It does not check if such extensions conform to a Stable ABI.
The user (or their packaging tools) need to ensure that, for example,
extensions built with the 3.10+ Limited API are not installed for lower
versions of Python.
All functions in the Stable ABI are present as functions in Python's shared
library, not solely as macros. This makes them usable from languages that don't
use the C preprocessor.
Limited API Scope and Performance
---------------------------------
The goal for the Limited API is to allow everything that is possible with the
full C API, but possibly with a performance penalty.
For example, while :c:func:`PyList_GetItem` is available, its “unsafe” macro
variant :c:func:`PyList_GET_ITEM` is not.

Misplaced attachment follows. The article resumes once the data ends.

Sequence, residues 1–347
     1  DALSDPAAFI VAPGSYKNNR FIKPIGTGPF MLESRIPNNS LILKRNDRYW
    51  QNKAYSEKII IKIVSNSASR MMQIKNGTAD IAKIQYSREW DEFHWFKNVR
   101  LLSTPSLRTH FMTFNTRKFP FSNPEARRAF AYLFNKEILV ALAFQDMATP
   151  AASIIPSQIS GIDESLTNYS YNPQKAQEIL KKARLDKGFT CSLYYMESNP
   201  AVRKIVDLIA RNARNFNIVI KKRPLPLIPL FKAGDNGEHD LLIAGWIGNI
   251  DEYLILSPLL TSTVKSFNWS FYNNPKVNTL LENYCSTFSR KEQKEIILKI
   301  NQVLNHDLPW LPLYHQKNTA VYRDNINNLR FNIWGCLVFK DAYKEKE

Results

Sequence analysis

The macro can be faster because it can rely on version-specific implementation
details of the list object.
Without ``Py_LIMITED_API`` defined, some C API functions are inlined or
replaced by macros.
Defining ``Py_LIMITED_API`` disables this inlining, allowing stability as
Python's data structures are improved, but possibly reducing performance.
By leaving out the ``Py_LIMITED_API`` definition, it is possible to compile
a Limited API extension with a version-specific ABI. This can improve
performance for that Python version, but will limit compatibility.
Compiling with ``Py_LIMITED_API`` will then yield an extension that can be
distributed where a version-specific one is not available for example,
for prereleases of an upcoming Python version.
Limited API Caveats
-------------------
Note that compiling with ``Py_LIMITED_API`` is *not* a complete guarantee that
code conforms to the Limited API or the Stable ABI. ``Py_LIMITED_API`` only
covers definitions, but an API also includes other issues, such as expected
semantics.
One issue that ``Py_LIMITED_API`` does not guard against is calling a function
with arguments that are invalid in a lower Python version.